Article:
New York combo Drowners may be named after a Suede song, but their self-titled debut owes little to Suede’s gutter-glam aesthetic. Fronted by Matthew Hitt, a boyishly pretty transplanted Welshman, their brusque punk-pop style and his louche intonation suggest a tidier version of the Libertines. “Long Hair” is typical: with brisk chording and engaging chorus, it’s a smash’n’grab of streetwise pop smarts. There’s an engaging conversational manner about Hitt’s lyrics and delivery, which in songs like “Ways to Phrase a Rejection” and “Watch You Change” focus on the frustrations of romantic relations. But he’s not entirely lacking confidence, cockily claiming in “A Button on Your Blouse” that “these days I rarely leave the house, and I hate the thought of you missing out”.

***

Download: Long Hair; Ways to Phrase  a Rejection; A Button on Your Blouse

Bill Callahan "Have Fun with God" (Drag City)

The indie/country/dub crossover is a thinly populated territory, but Bill Callahan inhabits it profitably on this dub version of last year’s Dream River. It’s a surprisingly congruent approach: dub’s use of space lends itself well to Callahan’s languid, open apprehensions of the seasonal round, and its emphasis on rhythm gives a firmer grounding to the floating extemporisations of some tracks. His band’s gentle shuffles are pared back to the bare necessities, with smears of violin, flute and guitar dabbed in impressionist brush-strokes behind his baritone as it traverses a cavernous reverb. At its best, on “Ride My Dub”, “Expanding Dub” and “Call It Dub”, the results offer snatched glimpses of the eternal in the fleeting moment. Even better than its parent album.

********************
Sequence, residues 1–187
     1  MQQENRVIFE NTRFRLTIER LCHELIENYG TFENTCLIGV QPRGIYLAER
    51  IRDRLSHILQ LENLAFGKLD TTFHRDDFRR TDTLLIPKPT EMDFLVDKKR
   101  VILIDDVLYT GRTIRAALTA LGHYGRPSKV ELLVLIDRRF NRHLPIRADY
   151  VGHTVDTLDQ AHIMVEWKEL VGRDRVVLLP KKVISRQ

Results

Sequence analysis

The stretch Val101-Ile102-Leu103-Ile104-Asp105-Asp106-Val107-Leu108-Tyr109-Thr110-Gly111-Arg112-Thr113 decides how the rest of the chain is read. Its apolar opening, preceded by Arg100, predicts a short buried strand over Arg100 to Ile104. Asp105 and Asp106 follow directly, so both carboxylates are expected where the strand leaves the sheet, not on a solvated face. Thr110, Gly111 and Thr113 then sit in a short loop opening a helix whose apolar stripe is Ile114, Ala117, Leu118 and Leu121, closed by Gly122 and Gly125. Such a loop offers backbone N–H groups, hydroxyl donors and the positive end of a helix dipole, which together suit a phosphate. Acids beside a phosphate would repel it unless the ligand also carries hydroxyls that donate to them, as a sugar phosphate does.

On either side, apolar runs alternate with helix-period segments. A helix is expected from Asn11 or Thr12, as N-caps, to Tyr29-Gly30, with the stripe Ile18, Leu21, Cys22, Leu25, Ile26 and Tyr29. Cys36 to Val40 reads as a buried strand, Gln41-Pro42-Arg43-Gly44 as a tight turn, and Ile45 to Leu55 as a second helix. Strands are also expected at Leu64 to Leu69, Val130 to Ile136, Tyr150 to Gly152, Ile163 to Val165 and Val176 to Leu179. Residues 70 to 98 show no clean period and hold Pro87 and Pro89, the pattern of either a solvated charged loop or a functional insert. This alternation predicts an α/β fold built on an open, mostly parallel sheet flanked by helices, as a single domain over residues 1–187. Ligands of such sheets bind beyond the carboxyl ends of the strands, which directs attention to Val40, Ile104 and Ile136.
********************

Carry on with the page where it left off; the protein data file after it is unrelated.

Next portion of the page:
****

Download: Ride My Dub; Expanding Dub; Call It Dub; Thank Dub

David Crosby "Croz" (Blue Castle)

It’s been 20 years since David Crosby’s last solo offering, but Croz finds his fire undimmed, and his freak flag still proudly flying, if slightly tattered. He’s always been an unconventional songwriter, a reputation he confirms by using the phrase “cognitive dissonance” in “Time I Have”, a song about how he doesn’t want to waste his remaining years in fear or anger. The setting is typical of the album, with elegant curlicues of lead guitar against an amorphous backdrop of fretless bass, 12-string guitar and keyboard colouration. Themes and treatments echo earlier works: “Set That Baggage Down” is about putting old demons of addiction behind him, “Radio” employs another of his favourite sailing metaphors, and the guitar arrangement to “If She Called” echoes “Guinnevere”, for a song about prostitution.

***

Download: Time I Have; The Clearing; If She Called

Snowbird "(Moon)" (Bella Union)

It’s hardly surprising that Simon Raymonde should revert to Cocteau Twins mode in his return to recording after a 15-year hiatus, but it’s still shocking just how similar his Snowbird partner Stephanie Dosen’s airy, ethereal voice is to that of Liz Fraser. Set to simple piano arrangements, it’s best displayed on “I Heard the Owl Call My Name”, cascading in subtle repetitions, or wrapped in tendrils of flute on “All Wishes Are Ghosts”. As the album progresses, however, the fanciful lyrical menagerie of swans, foxes and bears grows tiresome – nature far from red in tooth and claw, more the Edwardian Country Lady equivalent of Bat for Lashes.  It’s not helped by the miasmic, fluffy music, despite the input of sundry Midlakes and Radioheads. Pleasant enough, but too twee.